- Autosomal dominant ichthyosis vulgaris
- The most common type (1:250)
- Histology: absent granular layer
- Most severe in childhood but may persist in adult life
- Predisposes to atopic dermatitis
- Generalised dryness most prominent on upper arms
- May have hyperlinear palms
- Autosomal recessive lamellar ichthyosis
- Collodion baby (neonate encased in a membrane)
- Extensive scaling on erythematous base
- Mutation in gene coding for glutaminase (and other mutations)
- X-linked recessive ichthyosis
- Deficiency of steroid sulphatase in affected child and carrier mother
- Large scales on trunk and limbs
- Flexures may be spared
- Bullous ichthyosiform erythroderma
- Blistering and erythematous skin in infants
- Prominent scaling on erythematous base in adults
- Autosomal dominant mutation in keratin 1 and 10
Acquired ichthyosis is the dry skin associated with cachexia and certain forms of cancer and lymphoma. It is also characteristic in heavy consumers of kava.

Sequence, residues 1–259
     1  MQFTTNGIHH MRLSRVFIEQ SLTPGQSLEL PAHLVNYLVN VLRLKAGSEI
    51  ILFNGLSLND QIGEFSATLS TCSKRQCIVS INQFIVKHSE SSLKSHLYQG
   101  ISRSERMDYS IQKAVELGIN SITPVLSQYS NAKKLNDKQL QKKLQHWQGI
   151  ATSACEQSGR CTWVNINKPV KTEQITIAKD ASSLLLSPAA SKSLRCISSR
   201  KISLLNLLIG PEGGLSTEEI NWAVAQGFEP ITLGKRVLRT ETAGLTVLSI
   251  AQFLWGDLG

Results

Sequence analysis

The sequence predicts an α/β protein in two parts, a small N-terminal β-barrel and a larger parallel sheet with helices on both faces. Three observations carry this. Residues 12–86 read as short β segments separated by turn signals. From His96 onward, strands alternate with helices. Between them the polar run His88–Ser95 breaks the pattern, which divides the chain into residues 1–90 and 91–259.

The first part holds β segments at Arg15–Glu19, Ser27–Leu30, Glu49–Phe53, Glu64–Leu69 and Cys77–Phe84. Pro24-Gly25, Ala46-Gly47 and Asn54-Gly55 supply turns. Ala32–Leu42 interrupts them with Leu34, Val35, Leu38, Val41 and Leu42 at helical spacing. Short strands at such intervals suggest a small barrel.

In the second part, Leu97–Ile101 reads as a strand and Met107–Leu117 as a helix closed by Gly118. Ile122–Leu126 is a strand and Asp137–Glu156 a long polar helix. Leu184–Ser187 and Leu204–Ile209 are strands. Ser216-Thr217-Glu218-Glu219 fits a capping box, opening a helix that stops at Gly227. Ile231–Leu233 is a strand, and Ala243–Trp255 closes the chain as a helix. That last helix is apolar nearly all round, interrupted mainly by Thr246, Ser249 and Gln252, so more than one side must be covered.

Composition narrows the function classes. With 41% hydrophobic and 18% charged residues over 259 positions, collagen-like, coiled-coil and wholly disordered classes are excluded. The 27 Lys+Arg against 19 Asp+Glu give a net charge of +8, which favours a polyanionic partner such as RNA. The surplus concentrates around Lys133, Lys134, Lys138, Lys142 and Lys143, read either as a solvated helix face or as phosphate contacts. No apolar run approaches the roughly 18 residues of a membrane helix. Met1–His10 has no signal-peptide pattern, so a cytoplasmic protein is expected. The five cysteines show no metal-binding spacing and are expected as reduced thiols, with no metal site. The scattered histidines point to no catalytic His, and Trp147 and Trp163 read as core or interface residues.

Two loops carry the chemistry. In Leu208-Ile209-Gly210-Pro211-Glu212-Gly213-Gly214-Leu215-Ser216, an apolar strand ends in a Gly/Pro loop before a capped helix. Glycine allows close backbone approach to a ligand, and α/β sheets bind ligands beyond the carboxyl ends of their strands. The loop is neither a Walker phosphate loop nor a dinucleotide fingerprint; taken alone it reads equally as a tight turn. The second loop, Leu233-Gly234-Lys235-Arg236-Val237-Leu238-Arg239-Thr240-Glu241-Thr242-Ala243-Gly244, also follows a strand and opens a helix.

Hyperlinear palms in ichthyosis vulgaris
Bullous ichthyosiform erythroderma in infant
Bullous ichthyosiform erythroderma in older child
Acquired ichthyosis in kava drinker
Treatment of ichthyosis requires regular application of emollients containing urea and/or lactic acid and the use of soap substitutes when bathing. Oral retinoids may be prescribed for severe cases.
Keratosis pilaris affects up to 50% of adolescents and may present from neonate to middle-age.
- Common sites are outer aspect of upper arms and anterior thighs
- The rough skin is due to follicular plugs of keratin
- May result in non-pruritic erythema
- Rarely causes loss of the lateral eyebrows (ulerythema oophyrogenes)
- May cause red dry cheeks (keratosis pilaris faciei)
Erythema of upper arm due to prominent keratosis pilaris
Keratosis pilaris faciei
Close up of follicular plugging
Keratosis pilaris rarely clears with treatment. Try urea-containing emollients to soften the affected areas and topical retinoids to encourage normal follicular keratinisation.
Pityriasis rubra pilaris
A group of rare skin disorders resulting in localised erythematous scaly plaques rather like psoriasis. However there is less scaling and prominent follicular involvement. Keratoderma of palms and soles is usual. Some types result in erythroderma.
Juvenile pityriasis rubra pilaris
An uncommon inherited disorder with disordered keratinisation, resulting in characteristic greasy reddish papules in scalp and trunk, palmar pitting and nail changes.
Darier’s disease mid-back
Submammary Darier’s disease